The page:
Normally I dislike books that end on the sort of 'Lady or the Tiger' ending that Zelazny has here, but I didn't mind it in this case.  Zelazny gives us the knowledge we need about the future of Morningstar, freed from his eternal prison by his finally seeing the sunrise, and tells us what we need about Jack's future.  Namely that he is willing to give up being a ruler, and accepts whatever might come in the new world he has created.  Zelazny lets us choose which ending we like, does Morningstar catch him or not?  Ultimately I don't think it matters though, even if Jack lives we have seen how the this world works, and Jack will forever be marred by the actions he took while in possession of the Kolwynia, no one will forgive him and he has affected everyone.  He will be a pariah on both the light and dark sides of the planet.  It does not matter if Jack lives or dies, he's made his choices and will have to live (or die) with them.

Saturday, March 16, 2013

I haven't posted anything in a little while.  I was on vacation and didn't have access to the internet.  But, on the bright side while I was on vacation I finished 'Jack of Shadows' by Roger Zelazny, 'Shadrach in the Furnace' by Robert Silverberg, 'The Remaking of Sigmund Freud' by Barry N. Malzburg, and I'm almost done with 'Iron Council' by China Mieville.  So I've got a lot of reviews to post here pretty soon, and I also got a tan. 

'Jack of Shadows' wasn't the best Zelazny I've read, though it does some interesting things with character sympathy.  I'll read whatever he wrote based on how much I enjoyed 'Lord of Light' but I haven't found anything else of his yet that lives up to that wonderful novel.  Zelazny seems to be more fantasy based than SF based for most of his work.  In my limited experience (I don't read that much Fantasy) most fantasy seems to build a very familiar world, something the reader is used to, and inhabit that world with new and interesting characters.  Zelazny is almost the exact opposite of this, while his characters can trend toward the one dimensional his worlds are always amazingly original and interesting.  This is especially the case with Shadows.

'Shadrach in the Furnace' is really classic Silverberg.  I've posted a link to his bibliography before and I'll do it again here.  This guy wrote a lot of books, and that bibliography isn't even complete.  His best work seems to be done between 1967 starting with 'Thorns,' and ending with Shadrach in 1977.  Following Shadrach Silverberg had a dry spell in which he published almost nothing for about two years.  Samuel Delany talks about the publishing world of SF in his book of essays 'The Jewel Hinged Jaw,' and he specifically mentions Silverberg as being burnt out after writing two or three full length novels a year for ten years.  It's sad that this had to happen to such a great author, but no one can deny the quality of work he produced in that time span.  In several of those years Silverberg had multiple nominees per year.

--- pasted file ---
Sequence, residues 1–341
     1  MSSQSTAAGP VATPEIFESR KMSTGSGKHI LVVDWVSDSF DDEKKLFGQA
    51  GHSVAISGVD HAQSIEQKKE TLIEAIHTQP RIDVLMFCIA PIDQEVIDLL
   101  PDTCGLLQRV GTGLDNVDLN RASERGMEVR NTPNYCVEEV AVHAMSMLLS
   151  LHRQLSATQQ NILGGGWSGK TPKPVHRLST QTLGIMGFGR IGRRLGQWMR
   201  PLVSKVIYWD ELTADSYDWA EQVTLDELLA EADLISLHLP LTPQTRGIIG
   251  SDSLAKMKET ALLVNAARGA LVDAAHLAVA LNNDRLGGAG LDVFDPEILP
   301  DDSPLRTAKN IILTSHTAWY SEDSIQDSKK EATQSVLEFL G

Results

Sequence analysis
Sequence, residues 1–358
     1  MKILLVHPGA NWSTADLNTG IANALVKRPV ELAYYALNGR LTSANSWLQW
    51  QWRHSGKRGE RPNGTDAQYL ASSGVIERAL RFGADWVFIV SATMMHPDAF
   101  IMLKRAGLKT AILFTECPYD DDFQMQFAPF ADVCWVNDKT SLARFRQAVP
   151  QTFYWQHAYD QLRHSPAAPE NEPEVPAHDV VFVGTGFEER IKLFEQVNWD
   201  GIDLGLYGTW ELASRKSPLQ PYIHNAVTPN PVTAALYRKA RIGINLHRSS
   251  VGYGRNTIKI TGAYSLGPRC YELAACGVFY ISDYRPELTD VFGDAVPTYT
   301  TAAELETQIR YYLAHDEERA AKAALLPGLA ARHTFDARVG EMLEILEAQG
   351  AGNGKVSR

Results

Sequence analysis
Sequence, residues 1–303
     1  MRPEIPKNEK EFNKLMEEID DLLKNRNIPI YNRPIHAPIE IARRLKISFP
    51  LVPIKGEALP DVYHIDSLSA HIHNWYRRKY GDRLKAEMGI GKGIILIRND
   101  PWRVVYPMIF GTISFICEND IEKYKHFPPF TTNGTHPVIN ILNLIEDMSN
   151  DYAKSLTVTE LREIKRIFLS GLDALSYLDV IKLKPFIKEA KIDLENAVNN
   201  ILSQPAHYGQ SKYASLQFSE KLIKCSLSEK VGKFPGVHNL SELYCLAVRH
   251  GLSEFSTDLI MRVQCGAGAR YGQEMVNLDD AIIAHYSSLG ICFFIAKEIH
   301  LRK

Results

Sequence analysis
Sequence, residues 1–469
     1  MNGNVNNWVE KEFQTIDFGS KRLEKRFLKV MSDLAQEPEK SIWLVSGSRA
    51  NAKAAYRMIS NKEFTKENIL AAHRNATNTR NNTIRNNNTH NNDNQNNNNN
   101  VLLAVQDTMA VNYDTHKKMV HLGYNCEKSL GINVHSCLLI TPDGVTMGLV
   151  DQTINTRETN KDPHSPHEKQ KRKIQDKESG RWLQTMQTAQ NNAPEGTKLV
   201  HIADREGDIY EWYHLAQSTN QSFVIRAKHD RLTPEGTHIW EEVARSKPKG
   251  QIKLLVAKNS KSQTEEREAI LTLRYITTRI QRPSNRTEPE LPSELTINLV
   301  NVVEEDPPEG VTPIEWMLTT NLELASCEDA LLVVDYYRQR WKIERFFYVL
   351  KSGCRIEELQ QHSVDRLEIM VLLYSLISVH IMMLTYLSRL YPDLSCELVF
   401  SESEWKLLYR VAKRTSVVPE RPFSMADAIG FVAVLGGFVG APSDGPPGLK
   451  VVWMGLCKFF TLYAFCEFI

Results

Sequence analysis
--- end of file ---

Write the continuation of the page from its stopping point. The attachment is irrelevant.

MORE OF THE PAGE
'The Remaking of Sigmund Freud' is an experimental novel I would normally associate more with the Nebula Award, but it was nominated for a Hugo instead.  I've had it on my Kindle for several years now but just couldn't get into it.  I finally finished it and it was alright, interesting.  You won't find it at any bookstore these days except a second hand store, and the only place to buy it new is online.  Gollancz is still doing a lot of good work placing out of print SF books online in e-book format.  Their work seems to contain a lot of typographic errors but for availability they just can't be beat.  It's kind of shocking to realize that so many Hugo and Nebula nominees just aren't worth the cost of priniting anymore, but it's nice to see a publishing house putting the effort into making them available online.  I can still find copies of books like this online at but in ten years or so Gollancz might be my only option to find some of this less popular work.

I'm really liking 'Iron Council.'  Mieville has his problems, and the complexity of his work, especially his New Crobuzon work, seems to be dropping off each novel.  'Perdido Street Station' was one of the most complex and original works I've ever read, 'The Scar' was less so but had enough going on that it was still amazing, 'Iron Council' has almost none of that and I could see it being published by a less accomplished author.  I'm not finished yet and maybe the last fifty pages holds some surprise for me we'll see.  If there is some drop off in originality you can't really fault the author anyway, it seemed like he threw thirty years worth of ideas into Perdido, that novel had everything in it.

Anyway, I'll post reviews for these novels as soon as I can, got to get back into the swing of things after vacation.